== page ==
The Salt Roads, by Nalo Hopkinson

The Salt Roads
Nalo Hopkinson's The Salt Roads, now being re-released by Open Road Media, reads like a blend of novel and poem. Over the course of the book we meet three women who have been touched by the influence of Ezili. Mer is a slave in Haiti sometime before the revolution in 1789. Lemer is a dancer in 1840s Paris and the mistress of Charles Baudelaire. Meritet is a prostitute in third century Alexandria. Ezili is caught between them. As Hopkinson spins out their stories, we learn more about how all four of these (for lack of a better word) entities are connected across time and space.

Mer has the most time on stage in The Salt Roads. Mer is Ginen, but now works in the cane fields and provides medical care for the other enslaved Africans on the plantation. She is bitter and angry, yet she provides tender care for her fellow captives. There is an especially moving and heartbreaking scene midway through The Salt Roads when Mer talks a new captive out of suicide by starvation by explaining the "facts of life" to him. But in spite of her exhaustion and frustration, Mer still listens to the quiet voices of her goddess: Lasirèn, one of the facets of Ezili. Lasirén asks her to re-open the salt roads, the paths that the goddess uses to communicate with her people. As if this wasn't enough of a task for Mer, the woman also has to contend with the growing revolutionary violence all around her.

"Baudelaire's Mistress, Reclining," by Édouard Manet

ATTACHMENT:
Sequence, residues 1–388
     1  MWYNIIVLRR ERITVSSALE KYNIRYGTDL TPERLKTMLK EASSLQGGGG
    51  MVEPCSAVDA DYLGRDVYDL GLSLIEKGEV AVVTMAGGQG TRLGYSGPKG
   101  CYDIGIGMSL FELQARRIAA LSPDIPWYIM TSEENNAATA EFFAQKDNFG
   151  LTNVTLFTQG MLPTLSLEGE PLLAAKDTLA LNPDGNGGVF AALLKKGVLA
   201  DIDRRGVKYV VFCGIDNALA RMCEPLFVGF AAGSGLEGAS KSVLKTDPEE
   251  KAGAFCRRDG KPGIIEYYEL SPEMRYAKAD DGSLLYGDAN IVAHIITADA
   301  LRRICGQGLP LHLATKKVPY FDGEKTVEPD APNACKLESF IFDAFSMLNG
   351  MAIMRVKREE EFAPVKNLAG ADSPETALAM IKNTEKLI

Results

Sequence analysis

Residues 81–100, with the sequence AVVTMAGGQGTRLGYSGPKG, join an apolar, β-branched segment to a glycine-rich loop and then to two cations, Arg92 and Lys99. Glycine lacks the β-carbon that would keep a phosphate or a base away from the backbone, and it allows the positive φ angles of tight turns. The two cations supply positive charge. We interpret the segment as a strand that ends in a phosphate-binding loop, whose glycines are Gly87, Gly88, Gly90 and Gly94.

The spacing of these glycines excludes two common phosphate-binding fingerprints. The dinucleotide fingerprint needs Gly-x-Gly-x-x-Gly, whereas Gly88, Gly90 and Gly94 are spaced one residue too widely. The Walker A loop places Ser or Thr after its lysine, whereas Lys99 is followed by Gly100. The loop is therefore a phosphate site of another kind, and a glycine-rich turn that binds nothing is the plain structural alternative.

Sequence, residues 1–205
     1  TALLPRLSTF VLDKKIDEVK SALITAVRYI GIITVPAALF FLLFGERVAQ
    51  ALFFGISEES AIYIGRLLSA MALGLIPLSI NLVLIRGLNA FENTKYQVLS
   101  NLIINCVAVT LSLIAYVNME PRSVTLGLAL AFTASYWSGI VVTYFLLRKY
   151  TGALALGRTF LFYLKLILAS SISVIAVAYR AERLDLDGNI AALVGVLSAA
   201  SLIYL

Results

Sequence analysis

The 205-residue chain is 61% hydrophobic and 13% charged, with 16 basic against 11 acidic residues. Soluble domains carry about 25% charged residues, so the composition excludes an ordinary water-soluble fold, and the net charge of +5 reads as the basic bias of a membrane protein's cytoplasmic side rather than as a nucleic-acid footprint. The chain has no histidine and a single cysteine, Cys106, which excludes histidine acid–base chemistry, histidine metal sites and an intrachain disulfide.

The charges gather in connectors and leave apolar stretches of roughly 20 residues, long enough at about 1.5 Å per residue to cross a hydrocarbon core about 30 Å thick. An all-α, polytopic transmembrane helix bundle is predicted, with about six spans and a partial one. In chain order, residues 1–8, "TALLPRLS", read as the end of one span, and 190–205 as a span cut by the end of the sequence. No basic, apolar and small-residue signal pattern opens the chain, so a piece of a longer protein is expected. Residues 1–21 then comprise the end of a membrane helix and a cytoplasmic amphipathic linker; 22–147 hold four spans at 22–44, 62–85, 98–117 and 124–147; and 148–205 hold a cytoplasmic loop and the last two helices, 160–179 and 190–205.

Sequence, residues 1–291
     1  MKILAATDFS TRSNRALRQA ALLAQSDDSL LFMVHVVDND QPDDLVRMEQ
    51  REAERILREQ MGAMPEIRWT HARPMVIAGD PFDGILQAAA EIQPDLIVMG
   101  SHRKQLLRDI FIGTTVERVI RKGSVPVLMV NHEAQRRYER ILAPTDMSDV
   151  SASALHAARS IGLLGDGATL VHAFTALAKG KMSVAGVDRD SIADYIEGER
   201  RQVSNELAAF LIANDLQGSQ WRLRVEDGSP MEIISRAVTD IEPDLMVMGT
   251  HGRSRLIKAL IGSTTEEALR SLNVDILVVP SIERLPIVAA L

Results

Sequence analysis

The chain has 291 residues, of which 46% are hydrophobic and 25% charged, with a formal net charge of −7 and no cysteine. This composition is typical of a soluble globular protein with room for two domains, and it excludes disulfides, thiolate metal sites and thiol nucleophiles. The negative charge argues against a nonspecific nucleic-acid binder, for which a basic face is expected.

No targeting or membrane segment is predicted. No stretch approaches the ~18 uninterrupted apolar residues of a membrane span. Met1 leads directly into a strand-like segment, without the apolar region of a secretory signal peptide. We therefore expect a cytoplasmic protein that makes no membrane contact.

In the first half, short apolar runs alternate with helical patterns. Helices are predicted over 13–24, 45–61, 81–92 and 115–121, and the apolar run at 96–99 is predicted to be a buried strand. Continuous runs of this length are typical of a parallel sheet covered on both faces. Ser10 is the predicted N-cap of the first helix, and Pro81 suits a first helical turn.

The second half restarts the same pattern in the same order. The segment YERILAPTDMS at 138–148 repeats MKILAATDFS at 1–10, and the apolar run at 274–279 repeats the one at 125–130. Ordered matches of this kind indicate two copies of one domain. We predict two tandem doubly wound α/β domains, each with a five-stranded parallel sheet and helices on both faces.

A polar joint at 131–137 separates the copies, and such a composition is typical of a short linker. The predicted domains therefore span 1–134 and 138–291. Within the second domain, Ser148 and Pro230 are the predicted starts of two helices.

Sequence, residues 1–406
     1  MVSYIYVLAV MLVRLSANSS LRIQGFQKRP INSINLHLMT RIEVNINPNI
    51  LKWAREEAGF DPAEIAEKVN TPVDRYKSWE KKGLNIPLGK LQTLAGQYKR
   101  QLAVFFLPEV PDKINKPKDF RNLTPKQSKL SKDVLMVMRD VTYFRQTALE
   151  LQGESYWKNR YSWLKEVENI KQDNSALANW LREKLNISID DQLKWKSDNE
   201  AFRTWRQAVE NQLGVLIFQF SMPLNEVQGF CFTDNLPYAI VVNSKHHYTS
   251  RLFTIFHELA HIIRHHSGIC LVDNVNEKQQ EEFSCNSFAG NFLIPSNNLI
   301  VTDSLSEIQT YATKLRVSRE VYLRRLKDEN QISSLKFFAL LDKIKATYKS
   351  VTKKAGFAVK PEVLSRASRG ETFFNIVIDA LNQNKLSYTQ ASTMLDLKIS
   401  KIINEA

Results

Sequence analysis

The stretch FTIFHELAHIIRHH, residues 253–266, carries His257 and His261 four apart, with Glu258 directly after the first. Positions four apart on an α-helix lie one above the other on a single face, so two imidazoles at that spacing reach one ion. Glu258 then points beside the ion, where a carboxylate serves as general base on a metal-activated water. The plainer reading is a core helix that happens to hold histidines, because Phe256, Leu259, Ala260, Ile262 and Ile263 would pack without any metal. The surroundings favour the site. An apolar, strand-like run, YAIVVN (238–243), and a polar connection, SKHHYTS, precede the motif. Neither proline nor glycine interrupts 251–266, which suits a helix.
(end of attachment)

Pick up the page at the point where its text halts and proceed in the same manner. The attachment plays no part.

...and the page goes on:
Jeanne Duval, also known as Lemer, lives a life almost as desperate as Mer's. Jeanne trades her beauty—and sometimes her body—for money and favors from wealthy Parisian whites. She attracts the attention of the poet Charles Baudelaire and becomes his mistress. (Jeanne is an actual historical figure. Her portrait is to the left.) Jeanne is not as overtly sympathetic than Mer, but she is no less trapped by her circumstances than Mer. As a woman of African decent, the daughter of a prostitute, a dancer, Jeanne has nothing to fall back on if her "relationships" fail. She has to cling to others for her clothes, food, and shelter. Later, she also has to rely on her men to care for her as she dies from syphilis. I worried about her the entire time I was reading about her, because she was always just a few days from destitution.

The last woman to feel Ezili's touch is Meritet. We don't learn as much about her as we do about Mer or Jeanne. Of the three, however, she is the one filled with the most vitality. You could even say she's happy most of the time. Ezili's touch leads her to leave her position in Alexandria to travel to Aelia Capitolina (the Roman name for Jerusalem) to visit the Church of the Holy Sepulchre. Her pilgrimage leads to a mystical experience in the Judean desert.

In between the chapters about the three woman, Ezili finds herself alternately trapped between the three and in an unknown space where she sees other facets of herself: Hathor, Erzulie, the Virgin Mary, Lasirèn. All are motherly goddesses of love. It was fascinating to learn more about the names scattered through the text and see the historical and theological connections Hopkinson drew. Ezili's passages are also the most poetic. Some pages are just single words. Others are hypnotic passages about the in-between space Ezili inhabits.

You cannot read The Salt Roads quickly. Ezili's sections require you to slow down to fully absorb the meaning. The three women seem different from each other, but the connections and similarities become apparent as the book goes on. The Salt Roads is a startling read (and not just because of the scenes of lesbian love). It's nominally a work of fantasy and historical fiction, but the language is leagues beyond the simple prose of most of the genres.

I received a free copy of this ebook from NetGalley, in exchange for an honest review. This edition will be released 27 January 2015.

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